The Lonely American
Drifting Apart in the Twenty-first CenturyBook - 2009
The personal and societal effects of the unheralded epidemic of social isolation in America In our culture it's more socially acceptable to be depressed than to be lonely. Yet loneliness is the inevitable byproduct of our frenetic contemporary lifestyle. In this marvelously acute critique of how we live, psychiatrists Jacqueline Olds and Richard S. Schwartz show how the American lifestyle leads to social isolation. With a work ethic that emphasizes productivity over personal relationships and a multiplying menu of electronic diversions and distractions, Americans are responding by isolating themselves from an overstimulating world. But even as people seek respite from public life, they are shocked to find themselves feeling left out. Research shows that when people feel socially excluded, their cognition deteriorates and they become self-destructive and hostile. These ideas have been neglected in the world of psychology and psychiatry, but a socially isolated core population has now grown too large to be ignored. Calling on their extensive clinical experience, new social surveys (including the 2004 General Social Survey and the Pew Internet and American Life Project), and recent research on the physiological and cognitive effects of social exclusion, Olds and Schwartz uncover the ripple effects of social isolation in areas as varied as physical health, children's emotional problems, substance abuse, violent crime--even global warming. They conclude that electronic connection is no substitute for face-to-face interaction.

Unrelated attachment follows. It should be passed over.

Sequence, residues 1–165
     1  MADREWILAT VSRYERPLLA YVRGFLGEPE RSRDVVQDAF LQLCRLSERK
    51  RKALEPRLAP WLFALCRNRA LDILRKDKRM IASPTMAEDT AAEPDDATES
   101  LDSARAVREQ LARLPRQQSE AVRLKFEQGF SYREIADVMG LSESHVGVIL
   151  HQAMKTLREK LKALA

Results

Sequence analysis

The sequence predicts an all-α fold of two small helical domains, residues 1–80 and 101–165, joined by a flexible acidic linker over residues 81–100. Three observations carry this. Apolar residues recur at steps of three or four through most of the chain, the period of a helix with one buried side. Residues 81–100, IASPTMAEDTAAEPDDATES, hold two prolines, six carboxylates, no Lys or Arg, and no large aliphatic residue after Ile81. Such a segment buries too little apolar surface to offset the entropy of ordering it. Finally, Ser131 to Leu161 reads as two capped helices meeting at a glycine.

Publisher: Boston : Beacon Press, c2009
Branch Call Number: 302.545 O44
Characteristics: 228 p. ; 24 cm